We examined 48 E. faecalis strains from a historical collection and 8 recent E. faecium isolates to determine the relationship between CRISPR and the emergence of multidrug resistance in enterococci. We found that CRISPR1-cas and CRISPR3-cas loci are variable among E. faecalis strains, but, interestingly, an orphan CRISPR2 locus occurred in all E. faecalis strains tested. Selective pressure for maintenance of CRISPR2 in a CRISPR-cas-deficient E. faecalis background is unclear, as is the origin of CRISPR2 (i.e., whether this locus is functionally and evolutionarily linked to CRISPR1-cas, or once independently possessed cas genes that have been lost). CRISPR1-cas and CRISPR2 repeat sequences are identical (17), and because Cas proteins interact with CRISPR repeat sequences following transcription (22), it is likely that CRISPR1-cas and CRISPR2 are functionally linked. Nevertheless, genome sequence analysis finds that CRISPR-cas-deficient E. faecalis strains lack any detectable csn1 or csn1-like gene, which is essential for protection mediated by a Nmeni subtype CRISPR-cas locus (20). The lack of required functional genes in strains with the CRISPR2 orphan locus, together with the abundance of antibiotic resistance genes in these strains, indicates that CRISPR2 alone does not confer immunity in E. faecalis hosts. Ultimately, a functional analysis of the CRISPR1-cas and CRISPR2 loci will be required to confirm this hypothesis.
By analyzing a large data set, we were able to detect identities between CRISPR spacers and sequences on known mobile elements, including pheromone-responsive plasmids and phage. Enterococci have a highly coevolved relationship with the narrow-host-range pheromone-responsive plasmids, which encode machinery to utilize extracellular signals produced by enterococcal cells to induce conjugation functions and to manipulate signal production in enterococcal cells in which they reside (34). The results of this study and our recent work (33) support a role for pheromone-responsive plasmids as important drivers of enterococcal genome plasticity, capable of promoting their own transfer, mobilizing chromosomally encoded antibiotic resistance and virulence determinants, and now also causing displacement of CRISPR-cas.
That E. faecalis CRISPR loci contain spacers with identity to enterococcal mobile elements, and the distribution of these spacers, suggests that certain elements, such as pheromone-responsive plasmids, are frequently encountered by E. faecalis and/or have a propensity to be incorporated into CRISPR loci as spacers. It is interesting that no CRISPR spacers have yet been identified with sequence identity to conjugative transposons such as Tn916, which are also vectors of antibiotic resistance in the enterococci (29). CRISPR elements have been shown experimentally to confer immunity to plasmids and phages (20–23), although many mechanistic details remain unknown. To our knowledge, there is no experimental evidence that CRISPR defense confers protection from conjugative transposons. The observation that the tetM gene, commonly disseminated by Tn916 and related conjugative transposons (29, 30), is present in E. faecalis strains possessing CRISPR-cas (Fig. 2) suggests that conjugative transposons may evade this defense. Spacers targeting the Inc18 plasmid family, plasmids that are significant for their role in the dissemination of vancomycin resistance genes from enterococci to MRSA (6, 7), are also absent. Tn916 and the Inc18 plasmid family are broad host range in nature (29, 30), and the notable lack of spacers with identity to these elements may reflect the relative rarity of interspecies transfer or the relative inefficiency of transfer of elements lacking mechanisms for effective pair formation, such as the pheromone-induced aggregation mechanism.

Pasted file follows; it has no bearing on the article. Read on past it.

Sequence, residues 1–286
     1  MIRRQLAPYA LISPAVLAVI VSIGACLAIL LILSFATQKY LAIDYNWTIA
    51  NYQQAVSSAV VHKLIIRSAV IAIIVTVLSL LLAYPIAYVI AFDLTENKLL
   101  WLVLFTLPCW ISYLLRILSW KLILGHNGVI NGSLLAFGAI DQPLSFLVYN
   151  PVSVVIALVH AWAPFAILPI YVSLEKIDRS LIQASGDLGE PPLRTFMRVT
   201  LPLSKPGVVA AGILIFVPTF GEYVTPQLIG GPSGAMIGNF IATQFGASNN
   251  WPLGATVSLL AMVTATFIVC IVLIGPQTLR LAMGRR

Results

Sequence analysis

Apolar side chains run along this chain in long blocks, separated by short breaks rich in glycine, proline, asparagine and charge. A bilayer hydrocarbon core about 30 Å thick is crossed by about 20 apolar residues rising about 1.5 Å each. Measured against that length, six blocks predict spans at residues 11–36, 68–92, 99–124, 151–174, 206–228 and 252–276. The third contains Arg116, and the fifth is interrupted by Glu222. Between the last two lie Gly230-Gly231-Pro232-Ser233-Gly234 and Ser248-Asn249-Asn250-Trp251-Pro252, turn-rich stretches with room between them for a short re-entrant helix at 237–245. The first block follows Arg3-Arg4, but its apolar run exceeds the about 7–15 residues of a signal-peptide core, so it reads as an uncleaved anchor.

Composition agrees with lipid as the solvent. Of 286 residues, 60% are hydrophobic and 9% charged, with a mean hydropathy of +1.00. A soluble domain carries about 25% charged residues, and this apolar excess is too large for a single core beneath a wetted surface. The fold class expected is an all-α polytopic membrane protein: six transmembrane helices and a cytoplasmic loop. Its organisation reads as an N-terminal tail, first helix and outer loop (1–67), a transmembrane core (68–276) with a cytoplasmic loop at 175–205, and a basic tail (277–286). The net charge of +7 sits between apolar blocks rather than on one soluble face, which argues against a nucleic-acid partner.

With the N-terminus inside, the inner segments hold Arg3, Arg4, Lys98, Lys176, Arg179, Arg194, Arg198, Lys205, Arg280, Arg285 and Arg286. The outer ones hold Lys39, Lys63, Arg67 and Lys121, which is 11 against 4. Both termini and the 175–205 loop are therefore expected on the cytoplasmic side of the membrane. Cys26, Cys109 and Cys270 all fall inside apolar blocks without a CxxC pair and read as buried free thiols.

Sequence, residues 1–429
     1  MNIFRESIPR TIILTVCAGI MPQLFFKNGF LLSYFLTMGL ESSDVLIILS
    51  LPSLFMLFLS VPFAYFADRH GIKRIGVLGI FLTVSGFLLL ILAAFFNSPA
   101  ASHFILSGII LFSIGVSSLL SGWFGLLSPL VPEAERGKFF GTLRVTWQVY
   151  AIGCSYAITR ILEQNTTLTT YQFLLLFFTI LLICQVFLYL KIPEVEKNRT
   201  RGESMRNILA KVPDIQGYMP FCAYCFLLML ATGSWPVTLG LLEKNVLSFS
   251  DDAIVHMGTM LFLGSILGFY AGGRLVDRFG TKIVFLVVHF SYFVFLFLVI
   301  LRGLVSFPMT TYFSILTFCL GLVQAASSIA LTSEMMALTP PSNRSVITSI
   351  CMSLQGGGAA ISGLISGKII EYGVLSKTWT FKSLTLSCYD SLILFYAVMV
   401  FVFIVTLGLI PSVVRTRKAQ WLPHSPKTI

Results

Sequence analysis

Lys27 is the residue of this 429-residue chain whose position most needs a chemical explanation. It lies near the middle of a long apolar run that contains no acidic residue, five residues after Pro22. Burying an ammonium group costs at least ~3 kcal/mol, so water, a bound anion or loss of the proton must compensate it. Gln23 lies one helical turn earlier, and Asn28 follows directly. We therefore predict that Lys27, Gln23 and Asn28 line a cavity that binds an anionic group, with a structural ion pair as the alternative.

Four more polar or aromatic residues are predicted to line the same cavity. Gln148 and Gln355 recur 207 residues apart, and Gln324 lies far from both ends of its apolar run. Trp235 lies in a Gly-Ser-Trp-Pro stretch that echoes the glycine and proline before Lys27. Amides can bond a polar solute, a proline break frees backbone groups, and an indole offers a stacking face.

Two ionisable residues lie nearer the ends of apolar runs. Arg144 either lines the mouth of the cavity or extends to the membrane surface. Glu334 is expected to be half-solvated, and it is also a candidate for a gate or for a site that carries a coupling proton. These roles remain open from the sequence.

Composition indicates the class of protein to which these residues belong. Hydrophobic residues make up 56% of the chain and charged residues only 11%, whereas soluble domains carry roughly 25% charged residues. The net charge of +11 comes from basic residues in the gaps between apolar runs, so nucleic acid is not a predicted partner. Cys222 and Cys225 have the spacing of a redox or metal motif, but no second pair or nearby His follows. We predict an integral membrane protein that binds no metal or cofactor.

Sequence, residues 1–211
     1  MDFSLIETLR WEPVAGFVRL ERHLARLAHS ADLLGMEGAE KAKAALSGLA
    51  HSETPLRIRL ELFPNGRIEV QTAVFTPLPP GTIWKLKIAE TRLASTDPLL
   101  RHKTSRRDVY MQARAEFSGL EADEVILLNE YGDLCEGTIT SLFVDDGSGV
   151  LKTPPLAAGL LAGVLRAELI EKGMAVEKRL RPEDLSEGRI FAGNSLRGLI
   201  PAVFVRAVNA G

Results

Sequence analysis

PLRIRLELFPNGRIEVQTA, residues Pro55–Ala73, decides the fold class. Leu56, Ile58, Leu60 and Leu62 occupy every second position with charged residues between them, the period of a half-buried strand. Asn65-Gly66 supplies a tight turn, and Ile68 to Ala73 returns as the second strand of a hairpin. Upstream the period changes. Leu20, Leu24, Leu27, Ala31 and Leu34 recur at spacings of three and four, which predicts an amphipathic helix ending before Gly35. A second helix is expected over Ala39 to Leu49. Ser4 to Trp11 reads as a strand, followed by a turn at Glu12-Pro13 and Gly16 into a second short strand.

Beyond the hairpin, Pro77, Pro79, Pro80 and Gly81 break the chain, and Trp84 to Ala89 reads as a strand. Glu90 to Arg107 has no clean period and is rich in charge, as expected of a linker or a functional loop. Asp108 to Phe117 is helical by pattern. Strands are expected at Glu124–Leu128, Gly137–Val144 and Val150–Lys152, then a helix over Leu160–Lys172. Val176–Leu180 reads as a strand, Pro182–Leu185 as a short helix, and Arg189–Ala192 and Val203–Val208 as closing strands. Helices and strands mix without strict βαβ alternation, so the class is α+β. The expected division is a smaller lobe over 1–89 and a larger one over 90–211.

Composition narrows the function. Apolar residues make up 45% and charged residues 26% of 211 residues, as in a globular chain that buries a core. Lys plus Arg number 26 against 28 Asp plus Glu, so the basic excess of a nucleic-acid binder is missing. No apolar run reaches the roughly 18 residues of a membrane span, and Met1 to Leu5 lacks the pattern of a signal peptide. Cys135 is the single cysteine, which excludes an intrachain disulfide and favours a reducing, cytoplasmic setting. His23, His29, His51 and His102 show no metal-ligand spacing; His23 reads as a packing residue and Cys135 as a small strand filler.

Of the 48 E. faecalis and 8 E. faecium strains examined in this study, 7 E. faecalis and 2 E. faecium strains lacked CRISPR-cas and also lacked antibiotic resistance. Draft genome sequences are not available for six of these nine strains, so it remains a formal possibility that novel CRISPR-cas loci may be found in those strains. Alternatively, it may be that the absence of CRISPR-cas (particularly in strains isolated before, or early in, the age of antibiotics, such as E. faecalis D173 [isolated in 1939], ATCC 19433 [isolated before 1942], and T1 [isolated before 1950] ) facilitated acquisition of a mobile element carrying traits other than antibiotic resistance (for example, hemolysin/bacteriocin production and resistance or new metabolic properties), which provided a selective advantage.
Mobile elements often provide an accessory pool of genes that enhance survival in select environments. It is possible that elements such as the pheromone-responsive plasmids and putative enterococcal self-defense mechanisms such as CRISPR-cas act, respectively, to diversify and to stabilize the enterococcal genome, and that the dynamic between these opposing forces is important for the ultimate success of these microbes. Based on the data presented here, we speculate that modern antibiotic therapy has shifted this dynamic toward the facile acquisition of foreign elements conferring antibiotic resistance, among other things, decreasing genome stability/increasing plasticity, and enabling the colonization of new habitats, including the antibiotic-laden hospital environment.